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J Invertebr Pathol. 2013 Mar;112 Suppl:S32-9. doi: 10.1016/j.jip.2012.03.028. Epub 2012 Apr 19.

Intercommunity effects on microbiome and GpSGHV density regulation in tsetse flies.

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  • 1Division of Epidemiology of Microbial Disease, Yale School of Public Health, Yale University, New Haven, CT, USA.

Abstract

Tsetse flies have a highly regulated and defined microbial fauna made of 3 bacterial symbionts (obligate Wigglesworthia glossinidia, commensal Sodalis glossinidius and parasitic Wolbachia pipientis) in addition to a DNA virus (Glossina pallidipes Salivary gland Hypertrophy Virus, GpSGHV). It has been possible to rear flies in the absence of either Wigglesworthia or in totally aposymbiotic state by dietary supplementation of tsetse's bloodmeal. In the absence of Wigglesworthia, tsetse females are sterile, and adult progeny are immune compromised. The functional contributions for Sodalist are less known, while Wolbachia cause reproductive manupulations known as cytoplasmic incompatibility (CI). High GpSGHV virus titers result in reduced fecundity and lifespan, and have compromised efforts to colonize flies in the insectary for large rearing purposes. Here we investigated the within community effects on the density regulation of the individual microbiome partners in tsetse lines with different symbiotic compositions. We show that absence of Wigglesworthia results in loss of Sodalis in subsequent generations possibly due to nutritional dependancies between the symbiotic partners. While an initial decrease in Wolbachia and GpSGHV levels are also noted in the absence of Wigglesworthia, these infections eventually reach homeostatic levels indicating adaptations to the new host immune environment or nutritional ecology. Absence of all bacterial symbionts also results in an initial reduction of viral titers, which recover in the second generation. Our findings suggest that in addition to the host immune system, interdependencies between symbiotic partners result in a highly tuned density regulation for tsetse's microbiome.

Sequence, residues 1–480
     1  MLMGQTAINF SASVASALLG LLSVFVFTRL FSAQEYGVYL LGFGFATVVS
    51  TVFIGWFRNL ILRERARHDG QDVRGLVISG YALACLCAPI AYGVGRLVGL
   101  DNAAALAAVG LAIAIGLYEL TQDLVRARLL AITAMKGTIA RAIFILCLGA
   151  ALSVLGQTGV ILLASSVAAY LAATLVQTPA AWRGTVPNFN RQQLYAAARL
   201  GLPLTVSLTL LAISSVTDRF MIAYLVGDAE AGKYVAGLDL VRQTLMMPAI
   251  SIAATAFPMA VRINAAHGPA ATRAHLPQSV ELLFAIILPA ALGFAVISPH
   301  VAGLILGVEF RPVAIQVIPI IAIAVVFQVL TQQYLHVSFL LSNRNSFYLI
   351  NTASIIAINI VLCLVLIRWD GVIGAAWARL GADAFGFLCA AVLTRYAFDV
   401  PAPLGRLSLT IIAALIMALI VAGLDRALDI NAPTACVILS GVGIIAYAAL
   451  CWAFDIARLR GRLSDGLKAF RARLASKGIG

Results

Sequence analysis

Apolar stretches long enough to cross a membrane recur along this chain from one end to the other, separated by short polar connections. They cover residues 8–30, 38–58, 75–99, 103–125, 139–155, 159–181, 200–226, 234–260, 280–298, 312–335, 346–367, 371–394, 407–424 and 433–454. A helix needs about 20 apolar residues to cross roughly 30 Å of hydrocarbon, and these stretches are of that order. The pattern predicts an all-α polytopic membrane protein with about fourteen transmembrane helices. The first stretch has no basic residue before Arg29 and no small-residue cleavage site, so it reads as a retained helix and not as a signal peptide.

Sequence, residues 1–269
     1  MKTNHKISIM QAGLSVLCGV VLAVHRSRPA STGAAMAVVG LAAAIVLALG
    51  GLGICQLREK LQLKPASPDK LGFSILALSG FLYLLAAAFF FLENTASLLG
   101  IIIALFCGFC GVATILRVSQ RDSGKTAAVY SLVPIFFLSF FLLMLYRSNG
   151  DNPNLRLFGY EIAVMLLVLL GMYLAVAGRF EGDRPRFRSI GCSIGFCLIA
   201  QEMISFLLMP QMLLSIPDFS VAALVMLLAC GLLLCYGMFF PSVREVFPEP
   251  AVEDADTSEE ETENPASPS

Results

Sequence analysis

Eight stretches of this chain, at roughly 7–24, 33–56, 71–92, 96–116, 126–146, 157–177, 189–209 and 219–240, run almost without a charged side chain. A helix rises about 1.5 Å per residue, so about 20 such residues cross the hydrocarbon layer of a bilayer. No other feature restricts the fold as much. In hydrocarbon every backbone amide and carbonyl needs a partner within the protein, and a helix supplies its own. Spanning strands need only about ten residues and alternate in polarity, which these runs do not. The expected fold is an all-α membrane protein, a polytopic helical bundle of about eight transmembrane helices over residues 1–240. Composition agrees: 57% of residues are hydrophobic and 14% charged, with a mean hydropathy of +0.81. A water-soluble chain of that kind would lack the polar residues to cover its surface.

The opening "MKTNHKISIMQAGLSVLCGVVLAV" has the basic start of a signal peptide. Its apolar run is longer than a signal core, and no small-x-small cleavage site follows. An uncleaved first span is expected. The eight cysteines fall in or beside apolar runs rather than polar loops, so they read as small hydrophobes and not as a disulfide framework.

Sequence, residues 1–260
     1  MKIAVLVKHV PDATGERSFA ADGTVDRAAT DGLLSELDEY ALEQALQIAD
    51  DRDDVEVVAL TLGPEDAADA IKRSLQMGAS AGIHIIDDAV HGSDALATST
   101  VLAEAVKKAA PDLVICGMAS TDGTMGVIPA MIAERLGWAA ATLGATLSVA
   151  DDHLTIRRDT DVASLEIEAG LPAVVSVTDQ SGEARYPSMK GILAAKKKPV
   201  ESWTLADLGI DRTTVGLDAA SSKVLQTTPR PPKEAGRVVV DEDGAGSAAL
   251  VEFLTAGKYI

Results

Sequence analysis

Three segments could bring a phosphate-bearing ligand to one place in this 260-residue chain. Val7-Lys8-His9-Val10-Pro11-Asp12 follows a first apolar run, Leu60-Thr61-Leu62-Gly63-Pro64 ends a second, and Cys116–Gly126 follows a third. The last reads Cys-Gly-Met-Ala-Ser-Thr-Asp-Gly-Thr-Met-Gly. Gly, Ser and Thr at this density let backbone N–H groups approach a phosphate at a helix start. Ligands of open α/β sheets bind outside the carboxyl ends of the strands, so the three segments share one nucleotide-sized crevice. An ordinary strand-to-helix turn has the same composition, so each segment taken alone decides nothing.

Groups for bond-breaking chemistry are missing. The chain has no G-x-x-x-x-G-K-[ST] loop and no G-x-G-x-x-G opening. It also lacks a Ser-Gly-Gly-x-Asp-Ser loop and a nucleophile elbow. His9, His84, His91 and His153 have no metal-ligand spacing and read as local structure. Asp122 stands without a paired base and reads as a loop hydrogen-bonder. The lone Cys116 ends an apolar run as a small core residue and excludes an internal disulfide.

Copyright © 2013 International Atomic Energy Agency. Published by Elsevier Inc. All rights reserved.

PMID:
22874746
[PubMed - indexed for MEDLINE]
PMCID:
PMC3772524
Free PMC Article
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